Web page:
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Paul Brotzman: City and county: planning for the future of the SCV

Live from City Hall

Posted: August 20, 2010 9:15 p.m.
Updated: August 21, 2010 4:55 a.m.
 

To ensure that the city of Santa Clarita and Los Angeles County have logical and realistic plans for the delivery of public services within the Santa Clarita Valley, both the city and county have been working together with residents, businesses and property owners to develop new general plans that will address long-term street and highway needs, sewer and water requirements, public safety requirements, housing needs and future land-use patterns. 

Does this planning effort encourage or promote growth? 

The answer is no.  It provides for processes and controls to ensure that both the city and county can reasonably manage growth as it occurs within the Santa Clarita Valley. 

Does One Valley, One Vision provide for greater growth than the current General plans of the city and the county? 

Again, the answer is no.  It does modify some existing proposed growth patterns but it reduces the amount of overall development that will be permitted to occur within our valley.

Both the city and county recognize that the vast majority of development that has and will continue to take place in the Santa Clarita Valley is located in the much larger unincorporated areas of our valley that surround the city of Santa Clarita. 

With this in mind, the city and county have worked closely to plan for logical growth that limits leapfrog development, reduces urban sprawl and ensures that the infrastructure will be adequate to accommodate development within the unincorporated areas and infill development that will gradually occur within the city. 

One Valley, One Vision’s key goals include: preserving open space and creating a greenbelt around the valley; strategically building on our town center; and creating more jobs throughout the valley in order to reduce traffic congestion and provide economic opportunities here at home.  These goals are interconnected, and each plays a part in creating a robust future for our city and for the Santa Clarita Valley.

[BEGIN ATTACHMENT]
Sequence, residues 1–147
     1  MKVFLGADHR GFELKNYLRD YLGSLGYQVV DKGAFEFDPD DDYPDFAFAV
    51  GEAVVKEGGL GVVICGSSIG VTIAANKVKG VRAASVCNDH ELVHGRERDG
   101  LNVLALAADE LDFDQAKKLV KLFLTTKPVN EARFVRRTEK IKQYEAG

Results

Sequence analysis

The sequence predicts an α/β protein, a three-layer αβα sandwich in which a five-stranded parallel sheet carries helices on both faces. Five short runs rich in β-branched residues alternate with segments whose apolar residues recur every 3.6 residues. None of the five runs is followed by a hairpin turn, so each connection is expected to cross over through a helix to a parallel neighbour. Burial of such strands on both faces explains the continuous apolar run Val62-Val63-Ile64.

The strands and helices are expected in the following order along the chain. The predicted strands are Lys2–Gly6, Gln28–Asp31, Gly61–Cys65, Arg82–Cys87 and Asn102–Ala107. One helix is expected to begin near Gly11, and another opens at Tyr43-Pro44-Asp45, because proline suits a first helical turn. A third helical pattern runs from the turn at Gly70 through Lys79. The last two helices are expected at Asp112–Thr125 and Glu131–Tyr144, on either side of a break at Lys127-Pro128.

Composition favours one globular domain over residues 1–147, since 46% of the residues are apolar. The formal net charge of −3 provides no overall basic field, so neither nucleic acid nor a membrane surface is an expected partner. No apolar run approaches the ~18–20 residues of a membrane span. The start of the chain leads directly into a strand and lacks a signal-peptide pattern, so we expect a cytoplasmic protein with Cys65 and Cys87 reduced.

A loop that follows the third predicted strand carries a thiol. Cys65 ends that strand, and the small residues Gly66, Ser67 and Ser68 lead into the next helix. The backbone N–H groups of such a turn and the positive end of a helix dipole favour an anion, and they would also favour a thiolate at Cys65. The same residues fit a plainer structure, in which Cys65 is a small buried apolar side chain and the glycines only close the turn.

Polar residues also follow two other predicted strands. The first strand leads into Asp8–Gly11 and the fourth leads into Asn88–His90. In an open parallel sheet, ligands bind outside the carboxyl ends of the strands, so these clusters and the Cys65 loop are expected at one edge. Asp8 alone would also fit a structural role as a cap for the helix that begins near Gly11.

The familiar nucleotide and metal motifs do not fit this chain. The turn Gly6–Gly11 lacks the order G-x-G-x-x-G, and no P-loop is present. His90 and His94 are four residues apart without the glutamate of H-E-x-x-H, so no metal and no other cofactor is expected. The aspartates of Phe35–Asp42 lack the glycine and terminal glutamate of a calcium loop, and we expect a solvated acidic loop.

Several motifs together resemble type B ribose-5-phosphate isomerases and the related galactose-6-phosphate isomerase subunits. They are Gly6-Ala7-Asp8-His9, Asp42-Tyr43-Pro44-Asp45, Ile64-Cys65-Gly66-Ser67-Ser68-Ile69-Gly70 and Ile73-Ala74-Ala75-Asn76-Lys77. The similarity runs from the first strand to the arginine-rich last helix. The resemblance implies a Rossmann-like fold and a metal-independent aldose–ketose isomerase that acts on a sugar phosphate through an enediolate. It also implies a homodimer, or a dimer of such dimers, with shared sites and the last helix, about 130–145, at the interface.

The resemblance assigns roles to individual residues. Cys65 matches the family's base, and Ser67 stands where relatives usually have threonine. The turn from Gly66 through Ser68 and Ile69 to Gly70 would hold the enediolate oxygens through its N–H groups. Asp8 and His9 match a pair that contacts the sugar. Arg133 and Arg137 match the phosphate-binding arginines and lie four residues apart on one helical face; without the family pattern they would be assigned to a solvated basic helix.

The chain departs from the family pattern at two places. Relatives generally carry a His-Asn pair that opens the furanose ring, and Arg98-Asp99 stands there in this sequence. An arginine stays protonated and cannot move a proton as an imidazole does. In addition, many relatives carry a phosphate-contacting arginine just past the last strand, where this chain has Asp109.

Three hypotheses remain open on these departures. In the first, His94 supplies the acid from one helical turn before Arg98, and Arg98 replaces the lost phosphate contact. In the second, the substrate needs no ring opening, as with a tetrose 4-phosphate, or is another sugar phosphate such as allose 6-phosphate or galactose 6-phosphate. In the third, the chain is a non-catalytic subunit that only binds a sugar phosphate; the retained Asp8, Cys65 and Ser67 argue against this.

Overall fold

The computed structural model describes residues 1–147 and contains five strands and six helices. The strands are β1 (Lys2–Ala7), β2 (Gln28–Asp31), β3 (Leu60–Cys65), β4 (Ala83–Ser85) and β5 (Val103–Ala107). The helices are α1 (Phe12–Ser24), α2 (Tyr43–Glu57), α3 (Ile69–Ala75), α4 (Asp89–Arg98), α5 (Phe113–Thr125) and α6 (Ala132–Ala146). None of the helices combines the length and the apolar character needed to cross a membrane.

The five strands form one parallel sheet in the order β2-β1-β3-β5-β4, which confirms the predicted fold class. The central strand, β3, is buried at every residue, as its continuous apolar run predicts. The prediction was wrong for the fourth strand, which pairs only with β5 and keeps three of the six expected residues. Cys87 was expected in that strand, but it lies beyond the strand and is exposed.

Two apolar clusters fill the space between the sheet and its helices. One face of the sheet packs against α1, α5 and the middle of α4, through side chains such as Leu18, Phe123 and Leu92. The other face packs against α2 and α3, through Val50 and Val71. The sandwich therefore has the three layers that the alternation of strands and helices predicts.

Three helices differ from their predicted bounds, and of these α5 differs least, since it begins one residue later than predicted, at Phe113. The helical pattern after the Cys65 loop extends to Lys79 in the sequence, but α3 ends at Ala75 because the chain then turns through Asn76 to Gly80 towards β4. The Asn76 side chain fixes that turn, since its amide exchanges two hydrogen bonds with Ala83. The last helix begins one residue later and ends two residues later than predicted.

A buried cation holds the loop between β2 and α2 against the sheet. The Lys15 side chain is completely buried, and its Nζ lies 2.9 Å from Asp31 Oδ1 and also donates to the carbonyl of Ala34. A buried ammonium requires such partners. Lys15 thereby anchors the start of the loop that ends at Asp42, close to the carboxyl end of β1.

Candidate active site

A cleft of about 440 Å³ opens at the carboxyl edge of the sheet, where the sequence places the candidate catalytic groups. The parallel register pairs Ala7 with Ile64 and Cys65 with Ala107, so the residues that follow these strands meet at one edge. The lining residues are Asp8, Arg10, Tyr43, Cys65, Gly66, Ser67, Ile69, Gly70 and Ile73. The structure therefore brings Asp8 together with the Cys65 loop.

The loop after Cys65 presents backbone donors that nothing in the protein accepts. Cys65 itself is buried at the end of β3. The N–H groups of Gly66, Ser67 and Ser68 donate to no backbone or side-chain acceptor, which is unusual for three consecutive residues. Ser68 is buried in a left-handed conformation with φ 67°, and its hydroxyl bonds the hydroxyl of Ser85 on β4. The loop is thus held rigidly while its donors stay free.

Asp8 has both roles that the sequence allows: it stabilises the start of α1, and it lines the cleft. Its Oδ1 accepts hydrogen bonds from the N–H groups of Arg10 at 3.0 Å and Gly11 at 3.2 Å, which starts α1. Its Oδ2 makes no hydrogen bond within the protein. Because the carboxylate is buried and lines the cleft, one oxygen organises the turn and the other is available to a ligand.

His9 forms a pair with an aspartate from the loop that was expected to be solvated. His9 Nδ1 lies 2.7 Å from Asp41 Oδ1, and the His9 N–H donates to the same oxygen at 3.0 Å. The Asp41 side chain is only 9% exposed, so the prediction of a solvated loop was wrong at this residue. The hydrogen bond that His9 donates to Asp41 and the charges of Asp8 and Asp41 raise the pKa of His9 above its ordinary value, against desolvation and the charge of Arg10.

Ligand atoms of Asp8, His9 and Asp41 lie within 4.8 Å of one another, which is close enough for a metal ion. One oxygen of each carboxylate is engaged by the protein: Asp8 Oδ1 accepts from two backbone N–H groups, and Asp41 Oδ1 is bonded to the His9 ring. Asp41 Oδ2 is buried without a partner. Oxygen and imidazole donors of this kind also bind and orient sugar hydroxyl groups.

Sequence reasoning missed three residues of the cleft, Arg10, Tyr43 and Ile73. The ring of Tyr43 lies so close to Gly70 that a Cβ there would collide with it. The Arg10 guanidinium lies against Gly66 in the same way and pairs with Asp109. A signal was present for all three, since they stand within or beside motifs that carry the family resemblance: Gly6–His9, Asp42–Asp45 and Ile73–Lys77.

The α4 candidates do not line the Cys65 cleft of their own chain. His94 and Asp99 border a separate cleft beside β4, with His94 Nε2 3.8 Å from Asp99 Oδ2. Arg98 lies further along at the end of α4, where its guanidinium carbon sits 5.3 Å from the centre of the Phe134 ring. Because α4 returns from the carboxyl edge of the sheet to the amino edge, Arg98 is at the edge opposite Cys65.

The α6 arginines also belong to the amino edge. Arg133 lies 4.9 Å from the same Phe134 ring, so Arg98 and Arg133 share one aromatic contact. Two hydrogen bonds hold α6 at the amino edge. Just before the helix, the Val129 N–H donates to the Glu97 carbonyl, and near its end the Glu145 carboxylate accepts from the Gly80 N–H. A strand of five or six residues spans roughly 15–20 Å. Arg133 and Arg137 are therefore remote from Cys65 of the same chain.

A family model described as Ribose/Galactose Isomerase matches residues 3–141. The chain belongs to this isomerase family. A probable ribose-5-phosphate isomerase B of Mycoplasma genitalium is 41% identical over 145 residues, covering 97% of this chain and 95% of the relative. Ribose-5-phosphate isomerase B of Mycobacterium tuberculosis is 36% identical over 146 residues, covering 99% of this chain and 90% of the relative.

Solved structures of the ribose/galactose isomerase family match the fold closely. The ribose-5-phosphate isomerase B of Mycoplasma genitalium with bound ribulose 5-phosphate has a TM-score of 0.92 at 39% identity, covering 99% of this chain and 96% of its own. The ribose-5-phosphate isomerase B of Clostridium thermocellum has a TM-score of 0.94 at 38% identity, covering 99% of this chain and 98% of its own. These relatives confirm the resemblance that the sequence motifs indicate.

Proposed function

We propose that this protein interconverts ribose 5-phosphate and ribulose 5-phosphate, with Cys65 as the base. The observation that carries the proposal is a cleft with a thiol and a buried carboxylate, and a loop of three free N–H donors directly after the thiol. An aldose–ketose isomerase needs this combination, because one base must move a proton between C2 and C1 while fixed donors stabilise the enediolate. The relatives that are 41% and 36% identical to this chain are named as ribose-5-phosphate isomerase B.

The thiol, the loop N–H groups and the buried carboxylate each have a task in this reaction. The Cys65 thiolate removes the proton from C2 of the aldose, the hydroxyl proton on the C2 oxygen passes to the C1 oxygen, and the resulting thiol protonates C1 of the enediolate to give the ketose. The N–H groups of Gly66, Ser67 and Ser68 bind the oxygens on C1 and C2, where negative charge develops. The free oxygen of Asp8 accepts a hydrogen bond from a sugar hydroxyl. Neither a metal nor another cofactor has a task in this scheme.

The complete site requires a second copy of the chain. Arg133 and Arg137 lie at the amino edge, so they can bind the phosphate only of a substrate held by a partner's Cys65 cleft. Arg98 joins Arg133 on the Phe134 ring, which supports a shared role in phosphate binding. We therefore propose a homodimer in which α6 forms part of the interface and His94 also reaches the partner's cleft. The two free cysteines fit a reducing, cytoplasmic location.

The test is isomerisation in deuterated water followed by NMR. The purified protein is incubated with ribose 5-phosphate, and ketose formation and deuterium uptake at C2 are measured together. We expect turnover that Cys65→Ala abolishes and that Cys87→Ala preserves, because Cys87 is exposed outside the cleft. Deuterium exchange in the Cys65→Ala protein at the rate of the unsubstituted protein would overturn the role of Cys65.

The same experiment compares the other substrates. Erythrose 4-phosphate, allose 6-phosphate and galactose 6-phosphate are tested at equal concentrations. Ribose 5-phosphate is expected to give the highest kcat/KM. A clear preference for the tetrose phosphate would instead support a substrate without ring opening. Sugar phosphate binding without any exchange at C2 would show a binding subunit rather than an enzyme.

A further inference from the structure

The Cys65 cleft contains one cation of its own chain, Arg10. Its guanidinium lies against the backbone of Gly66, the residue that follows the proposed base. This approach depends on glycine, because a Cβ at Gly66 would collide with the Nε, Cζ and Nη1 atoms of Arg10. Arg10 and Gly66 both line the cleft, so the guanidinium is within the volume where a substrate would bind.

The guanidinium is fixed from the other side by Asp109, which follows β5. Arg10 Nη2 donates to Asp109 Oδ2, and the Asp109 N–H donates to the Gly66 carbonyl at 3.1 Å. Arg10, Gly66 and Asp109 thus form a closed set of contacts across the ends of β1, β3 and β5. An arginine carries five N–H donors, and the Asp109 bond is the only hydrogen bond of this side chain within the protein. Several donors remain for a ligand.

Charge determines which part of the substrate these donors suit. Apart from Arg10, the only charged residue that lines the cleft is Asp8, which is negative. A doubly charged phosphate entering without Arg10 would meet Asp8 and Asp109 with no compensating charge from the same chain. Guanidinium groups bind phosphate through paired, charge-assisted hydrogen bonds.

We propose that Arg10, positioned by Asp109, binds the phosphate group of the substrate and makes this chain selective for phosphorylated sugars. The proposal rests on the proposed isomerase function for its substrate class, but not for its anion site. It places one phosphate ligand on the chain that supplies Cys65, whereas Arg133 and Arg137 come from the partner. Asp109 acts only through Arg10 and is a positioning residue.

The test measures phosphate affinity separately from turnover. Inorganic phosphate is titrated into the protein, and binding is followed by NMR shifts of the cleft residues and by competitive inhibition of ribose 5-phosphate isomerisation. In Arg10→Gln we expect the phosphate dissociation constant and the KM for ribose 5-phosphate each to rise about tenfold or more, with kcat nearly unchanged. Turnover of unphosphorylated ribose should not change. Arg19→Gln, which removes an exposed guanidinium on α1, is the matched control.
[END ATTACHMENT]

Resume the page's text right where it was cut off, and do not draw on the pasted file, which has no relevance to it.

Residents, business owners, students and elected officials have been involved with the OVOV process from the beginning. 

In fact, OVOV has had more community outreach and public participation than any other project in our city’s history. 

Each element of the new general plan (an “element” is a specific section of the plan that deals with topics like safety, circulation, noise, etc.) have been prepared in draft form, and presented during Planning Commission study sessions and open to the public. 

This information, along with comments and suggestions from local residents, has shaped the draft OVOV general plan. 

Residents have had real impacts: potential zoning and land-use designations have been scrutinized, and in some cases, changed due to the direct recommendations of concerned, informed community members.

It is important to note that state law requires general plans to be updated periodically. OVOV is the city’s first overall update since the original general plan was adopted in 1991. 

Much has changed in our valley in the past 20 years. Our community has grown, schools and roads have been built, and our economy has experienced tremendous shifts. 

The new general plan reflects these changes and will provide a blueprint that will guide the future of our valley for the next 20 years. Now, more than ever, it is important to preserve and in some cases enhance the community character of individual neighborhoods, plan to protect our open space and environment, and conserve resources while at the same time
encouraging economic development and providing much needed housing for the city’s current residents.  

Santa Clarita is part of a vibrant, growing region and growth will continue to occur in our community. When One Valley One Vision is adopted, residents have told us they want more jobs, preserved neighborhoods and a vibrant town center, all in appropriate areas. 

Residents have also told us that any new development should compliment and enhance the character of their neighborhood or community. Under the city/county One Valley One Vision, anticipated population growth in the Santa Clarita Valley will be less than what the current city and county plans allow. At the end of this unique visioning process, city and county development standards will be nearly the same for the first time, and both agencies will share a common vision for the Santa Clarita Valley.

Over the next few months, the city and county will be circulating the draft environmental impact report that will provide more opportunities for public comment on the proposed General plans.

It is anticipated that the city’s portion of OVOV will be presented to the Planning Commission in a public hearing in the fall of 2010, with adoption by the city council anticipated in early 2011. 

Public comments are welcome. If you would like more information about One Valley One Vision, please visit the city’s website at www.santa-clarita.com or call Jason Smisko, senior planner, at (661) 255-4330.

Paul Brotzman is the Director of Community Development Department for the City of Santa Clarita and can be reached at: pbrotzman@santa-clarita.com. His column reflects his own views and not necessarily those of The Signal.

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